I have two complete weighted graphs, with the same number of nodes and edges. Each node has a multi-dimensional vector, which represents its features. Edge weights are float numbers between 0 to 1. I'm trying to align these graphs.

I've started with (Hungarian) bipartite matching. I completely ignored the edges in both graphs and focused on the nodes. I created a bipartite graph. For each pair of nodes (n1, n2) where n1 belongs to the first graph, and n2 belongs to the second graph, I've defined their edge to be the inner product of their vectors. This worked reasonably well, which shows that the nodes are semi-consistent between graphs.

But now I want to take into account the edge weights as well. I've looked at the graph alignment algorithms listed in this link which include algorithms like GWL, GRAMPA, and GRAAL. But they all seem to only work with the adjacency matrix (i.e. weights of edges) of the two graphs, while I want to consider both node and edge weights.

Another idea that I had was to add N-1 new dimensions to the node feature vectors. Where N is the number of nodes, and each dimension contains an edge weight. i.e. for node i, the newly added dimension j contains the weight for edge (i, j). And then use the Hungarian bipartite matching again where cost is calculated using the inner product of node vectors. but this won't work, because the order of nodes is not consistent.

So my question is this, Are there any algorithms for this specific use case? any other tips or suggestions are also appreciated.

P.S. I originally posted this in Math Stackexchange, but as the graph alignment methods that I checked are new (S-GWL: NeurIPS 2019, Grampa: ICML 2020), I figured this site is more suitable.


1 Answer 1


This is a very interesting problem, although I'm not sure if it's a mathematical problem exactly (as opposed to one of algorithmic modeling). That said, here are some two suggestions.

Suggestion #1: Currently, each edge $e$ has two weights associated with it: the intrinsic edge weight $a_e$ (i.e., the one in the range $[0,1]$), and the inner product of the nodes defining the edge $b_e$ (i.e., the one used in the Hungarian method). The simplest approach would be to choose a fixed $\lambda >0$ and define a new edge weight $c_e=a_e + \lambda b_e$, then use either the Hungarian method or one of the other edge algorithms mentioned above. If the OP has some ultimate measure of quality for their solution, they could use that to tune $\lambda$ on a validation set. One might also consider using cosine similarity instead of inner product to normalize the scale of $b_e$.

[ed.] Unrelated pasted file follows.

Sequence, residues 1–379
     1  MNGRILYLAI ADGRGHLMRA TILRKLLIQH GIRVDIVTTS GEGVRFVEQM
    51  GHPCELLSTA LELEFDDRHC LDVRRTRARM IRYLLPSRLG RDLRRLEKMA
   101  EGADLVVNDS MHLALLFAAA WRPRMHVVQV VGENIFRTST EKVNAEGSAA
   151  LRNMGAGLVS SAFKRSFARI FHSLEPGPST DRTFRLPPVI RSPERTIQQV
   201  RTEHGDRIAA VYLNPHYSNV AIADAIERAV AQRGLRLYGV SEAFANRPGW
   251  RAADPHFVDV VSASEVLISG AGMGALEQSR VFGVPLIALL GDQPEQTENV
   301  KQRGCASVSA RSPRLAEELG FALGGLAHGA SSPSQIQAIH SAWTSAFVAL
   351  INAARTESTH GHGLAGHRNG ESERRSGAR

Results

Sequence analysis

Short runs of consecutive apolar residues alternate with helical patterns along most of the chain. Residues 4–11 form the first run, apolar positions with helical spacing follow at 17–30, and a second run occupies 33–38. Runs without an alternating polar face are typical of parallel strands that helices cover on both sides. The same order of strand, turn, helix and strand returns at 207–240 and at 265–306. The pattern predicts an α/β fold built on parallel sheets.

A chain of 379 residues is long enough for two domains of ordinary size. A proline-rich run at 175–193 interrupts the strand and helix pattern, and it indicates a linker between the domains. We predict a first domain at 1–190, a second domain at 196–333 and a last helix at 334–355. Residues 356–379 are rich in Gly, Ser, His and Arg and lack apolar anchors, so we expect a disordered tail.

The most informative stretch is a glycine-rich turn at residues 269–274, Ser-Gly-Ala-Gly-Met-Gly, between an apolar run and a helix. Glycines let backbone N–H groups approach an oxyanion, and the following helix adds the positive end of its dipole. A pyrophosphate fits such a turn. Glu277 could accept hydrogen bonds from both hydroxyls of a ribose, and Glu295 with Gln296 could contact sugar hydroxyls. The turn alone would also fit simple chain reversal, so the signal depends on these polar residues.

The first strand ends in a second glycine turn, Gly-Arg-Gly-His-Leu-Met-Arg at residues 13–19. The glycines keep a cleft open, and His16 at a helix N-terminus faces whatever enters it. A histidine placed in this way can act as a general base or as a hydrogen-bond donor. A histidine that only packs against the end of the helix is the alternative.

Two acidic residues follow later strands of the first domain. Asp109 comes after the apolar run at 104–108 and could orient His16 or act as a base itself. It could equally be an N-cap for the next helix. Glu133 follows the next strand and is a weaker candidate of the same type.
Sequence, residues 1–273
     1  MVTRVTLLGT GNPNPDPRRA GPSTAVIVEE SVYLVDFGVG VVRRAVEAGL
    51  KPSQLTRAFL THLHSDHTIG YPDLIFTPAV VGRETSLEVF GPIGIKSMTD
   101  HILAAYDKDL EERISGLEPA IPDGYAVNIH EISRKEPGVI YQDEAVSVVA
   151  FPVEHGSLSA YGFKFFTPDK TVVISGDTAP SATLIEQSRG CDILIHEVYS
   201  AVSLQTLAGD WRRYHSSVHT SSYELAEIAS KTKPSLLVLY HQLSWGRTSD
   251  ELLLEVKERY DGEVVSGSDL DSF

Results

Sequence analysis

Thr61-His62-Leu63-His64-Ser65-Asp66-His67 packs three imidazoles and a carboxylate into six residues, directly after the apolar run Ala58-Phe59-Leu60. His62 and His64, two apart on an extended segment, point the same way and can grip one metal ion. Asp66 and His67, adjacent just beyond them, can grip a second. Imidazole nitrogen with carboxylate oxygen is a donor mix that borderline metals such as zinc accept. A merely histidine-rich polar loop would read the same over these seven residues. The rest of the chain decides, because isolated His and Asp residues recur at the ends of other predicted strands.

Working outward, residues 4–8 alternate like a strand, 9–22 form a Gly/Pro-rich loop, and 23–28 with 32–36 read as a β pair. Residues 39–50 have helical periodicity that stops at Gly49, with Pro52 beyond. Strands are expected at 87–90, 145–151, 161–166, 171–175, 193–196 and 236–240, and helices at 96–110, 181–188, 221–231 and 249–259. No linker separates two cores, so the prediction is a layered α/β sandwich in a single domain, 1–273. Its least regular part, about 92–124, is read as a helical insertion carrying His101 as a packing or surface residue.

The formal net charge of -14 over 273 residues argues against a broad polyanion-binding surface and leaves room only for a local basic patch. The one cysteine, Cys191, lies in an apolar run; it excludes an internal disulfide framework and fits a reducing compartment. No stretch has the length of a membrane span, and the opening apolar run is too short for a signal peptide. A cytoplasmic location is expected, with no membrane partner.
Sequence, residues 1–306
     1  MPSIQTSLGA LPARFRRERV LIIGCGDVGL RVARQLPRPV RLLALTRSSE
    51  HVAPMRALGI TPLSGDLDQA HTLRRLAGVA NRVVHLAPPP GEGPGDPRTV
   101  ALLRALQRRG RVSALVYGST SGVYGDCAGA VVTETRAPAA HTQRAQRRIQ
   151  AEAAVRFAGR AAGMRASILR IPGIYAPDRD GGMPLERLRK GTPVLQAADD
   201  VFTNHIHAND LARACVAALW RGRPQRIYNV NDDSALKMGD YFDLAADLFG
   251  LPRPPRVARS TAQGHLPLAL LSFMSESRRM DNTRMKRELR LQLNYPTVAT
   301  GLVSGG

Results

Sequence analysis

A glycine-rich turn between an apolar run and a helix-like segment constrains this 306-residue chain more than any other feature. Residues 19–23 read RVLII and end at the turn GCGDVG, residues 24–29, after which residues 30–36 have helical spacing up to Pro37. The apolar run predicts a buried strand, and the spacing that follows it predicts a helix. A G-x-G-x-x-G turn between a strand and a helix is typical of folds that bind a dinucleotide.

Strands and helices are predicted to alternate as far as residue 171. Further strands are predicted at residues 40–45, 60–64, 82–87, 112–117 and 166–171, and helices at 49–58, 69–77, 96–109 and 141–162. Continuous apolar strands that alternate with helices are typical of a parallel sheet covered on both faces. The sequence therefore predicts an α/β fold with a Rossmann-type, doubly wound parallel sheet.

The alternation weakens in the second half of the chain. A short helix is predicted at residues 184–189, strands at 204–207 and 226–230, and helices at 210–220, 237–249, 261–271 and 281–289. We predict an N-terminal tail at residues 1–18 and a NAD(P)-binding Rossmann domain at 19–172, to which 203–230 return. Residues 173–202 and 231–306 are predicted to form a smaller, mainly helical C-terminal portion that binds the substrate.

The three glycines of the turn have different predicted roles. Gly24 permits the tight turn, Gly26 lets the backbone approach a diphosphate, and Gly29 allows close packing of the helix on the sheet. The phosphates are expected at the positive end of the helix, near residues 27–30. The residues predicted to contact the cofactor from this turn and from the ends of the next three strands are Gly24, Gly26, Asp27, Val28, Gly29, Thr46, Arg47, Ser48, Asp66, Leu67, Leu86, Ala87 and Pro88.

Suggestion #2: We can also tweak the OP's second suggestion to address their concern. In this approach, we take the vector associated with each node and extend it with information from the neighboring edges. The OP rightly points out that there's no natural order to the edges (since we don't know the node permutation), so it's not obvious in which order to list them. There are several approaches; we share three:

  • The classic approach in, e.g., graph neural nets would be to take the set of edge weights and compute some permutation-invariant statistics, like the mean and variance, and append those values.
  • This approach is, of course, a special case of the more general approach of evaluating symmetric functions of the data. If we have $N$ nodes in our graph, we could choose our favorite basis for symmetric polynomials and evaluate the first $N$ polynomials. This produces a permutation-invariant fingerprint of the neighboring edges and avoids the information loss of the previous approach.
  • Finally, in practice, the easiest version is to take all the neighboring edges, sort them by magnitude, and append that sorted list. (We need to give missing edges a weight of zero so the resulting vectors are all the same length.)

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